Children are people with rights. They not only need to understand their own rights but also the rights of all in general. Stories are a great way to trigger thoughts on issues such as inclusion and exclusion, education as a right, right to play, protection issues, protecting the environment, income disparity, and so on. Instead of assuming that ‘children don’t need to know harsh realities’, assume that children are always observing what is happening around them. They have already seen diversity but they are probably still trying to make sense of all that they see. So, giving words to different realities and making sense can be facilitated through stories that focus on the same. By thinking more deeply about each character and asking questions, children may be able to explore answers too. Look especially for those storybooks that come with notes for parents and teachers. Most importantly, don’t assume that such stories would be boring or hard. Let the child experience, learn, and decide.

5. Stories where characters have healthy debates and discussions

Always reaching a consensus or agreeing should not be the goal. Children need to learn the important life skill of debating and discussing in a healthy manner. So, explore stories that showcase that through characters engaging in debates and discussions in a healthy way. This could be a good way to build communication skills too. Showing your disagreement in an assertive way while respecting boundaries is an important thing to learn.

6. Is popularity a good criterion?

For storybooks that are already well-known or established, a quick online search would bring up a list of good storybooks. Sometimes, when you don’t have a lot of time to explore, this could a good time-saving strategy. However, this strategy may not bring forth new stories or ones from diverse regions and contexts. Therefore, don’t go by popularity only. Be on the lookout for new publishers as well as new authors. Explore how their stories may be fulfilling the purpose for which you want to buy.

7. Are fairy tales or fantasy-based stories bad? 

Some parents choose to move away from the fairy tales of fantasy-based stories. While one of the reasons is the fact that many of these fairy tales put gender roles in very stereotypical ways. For example, the princess is always rescued by a prince! Or ‘A happy married life’ is a happy ending for the stories. These stories have negative characters too and they are often with a particular ‘ugly’ look or with disability. At the same time, these stories give children exposure to the world of grownups. And of course, all is not happy and perfect in the world of grownups. But then the other point to remember is: children do observe what is happening around them. So, stories are not always different from the realities of this world.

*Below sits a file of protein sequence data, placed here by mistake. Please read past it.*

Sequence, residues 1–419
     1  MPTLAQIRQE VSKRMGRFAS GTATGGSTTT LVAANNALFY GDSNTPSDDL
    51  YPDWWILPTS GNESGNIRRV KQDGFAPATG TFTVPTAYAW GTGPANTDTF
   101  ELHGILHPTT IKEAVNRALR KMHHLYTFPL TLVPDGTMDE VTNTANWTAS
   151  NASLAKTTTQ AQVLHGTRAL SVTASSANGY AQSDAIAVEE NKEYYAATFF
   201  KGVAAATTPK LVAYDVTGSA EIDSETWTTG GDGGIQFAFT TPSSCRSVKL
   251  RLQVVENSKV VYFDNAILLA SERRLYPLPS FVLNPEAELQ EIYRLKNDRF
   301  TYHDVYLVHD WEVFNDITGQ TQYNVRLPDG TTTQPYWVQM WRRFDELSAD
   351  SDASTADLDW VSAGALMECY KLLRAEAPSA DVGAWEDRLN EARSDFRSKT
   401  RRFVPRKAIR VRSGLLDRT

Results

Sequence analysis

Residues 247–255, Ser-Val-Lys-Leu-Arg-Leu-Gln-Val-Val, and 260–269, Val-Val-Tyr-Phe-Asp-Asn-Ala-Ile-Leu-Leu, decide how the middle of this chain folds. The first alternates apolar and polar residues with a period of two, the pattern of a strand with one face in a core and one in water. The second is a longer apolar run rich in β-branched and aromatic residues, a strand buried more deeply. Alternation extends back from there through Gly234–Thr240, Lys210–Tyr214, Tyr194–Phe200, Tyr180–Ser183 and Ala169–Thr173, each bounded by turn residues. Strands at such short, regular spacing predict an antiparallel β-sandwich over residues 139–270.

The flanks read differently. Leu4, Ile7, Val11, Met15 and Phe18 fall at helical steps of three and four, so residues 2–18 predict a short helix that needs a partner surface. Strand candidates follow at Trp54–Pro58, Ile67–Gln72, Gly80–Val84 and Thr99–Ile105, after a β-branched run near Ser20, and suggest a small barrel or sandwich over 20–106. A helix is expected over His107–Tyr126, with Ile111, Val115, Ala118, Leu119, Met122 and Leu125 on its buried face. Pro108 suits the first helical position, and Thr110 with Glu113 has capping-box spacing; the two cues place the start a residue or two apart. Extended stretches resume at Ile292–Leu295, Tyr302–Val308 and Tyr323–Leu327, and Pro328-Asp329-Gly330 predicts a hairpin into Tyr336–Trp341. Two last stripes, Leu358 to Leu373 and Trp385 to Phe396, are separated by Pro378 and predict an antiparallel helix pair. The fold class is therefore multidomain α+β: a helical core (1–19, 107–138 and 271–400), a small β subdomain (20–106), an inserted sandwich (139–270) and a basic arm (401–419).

If the concern is to help children grow as empathic beings without gender stereotypes, it is important that instead of avoiding fairy tales, we actually discuss with children about different aspects of it. So, ask:
“how the princess might have felt in a certain situation” or
“when does a prince need help?” or
“troublemakers don’t look like this always”  or
“what questions do you have on the basis of what happened in this story?” or
“what did you find uncomfortable or odd”

All these are useful triggers to get into conversations on the problematic representations and stereotypes presented in a story.

Fantasy-based stories trigger the imagination. So, let’s not give up on stories that are not based in reality. Remember, that inventions happen when we imagine what does not exist in the current reality/context. So, let children imagine too. 


Choosing a story needs your time and your perspectives. Give time and careful consideration while exploring and selecting stories. When you find something good, always recommend it to other parents and teachers too. Good stories need to be found, celebrated, and read by more and more children!

You can explore several stories based on reviews by Ginny’s Planet. You can explore the playlist HERE! 

About Ginny’s Planet

Ginny’s Planet is a social enterprise Co-founded by Dr. Shweta Verma in 2019. The brand runs on the core value of helping our teachers and parents to teach their children to become independent, smart, and better leaders by equipping them with a deep understanding of empathy, diversity, disability, and inclusion. Dr. Shweta and the team design events, workshops, and products to help guardians & schools to develop kids’ mindsets and evolve as adaptive and flexible human beings. They work with schools to organize workshops for children and teachers.

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About the author: 

*Shweta Verma is a social entrepreneur & a social work professional. She has faciliated several workshops with children and grown ups. She is Ph.D. (Social Work) in resilience & has two decades of work experience in the field of disability rights & mental health. Shweta is co-founder of Ginny’s Planet- a social enterprise that spreads empathy, respect for diversity, the spirit of inquiry, and inclusive practices.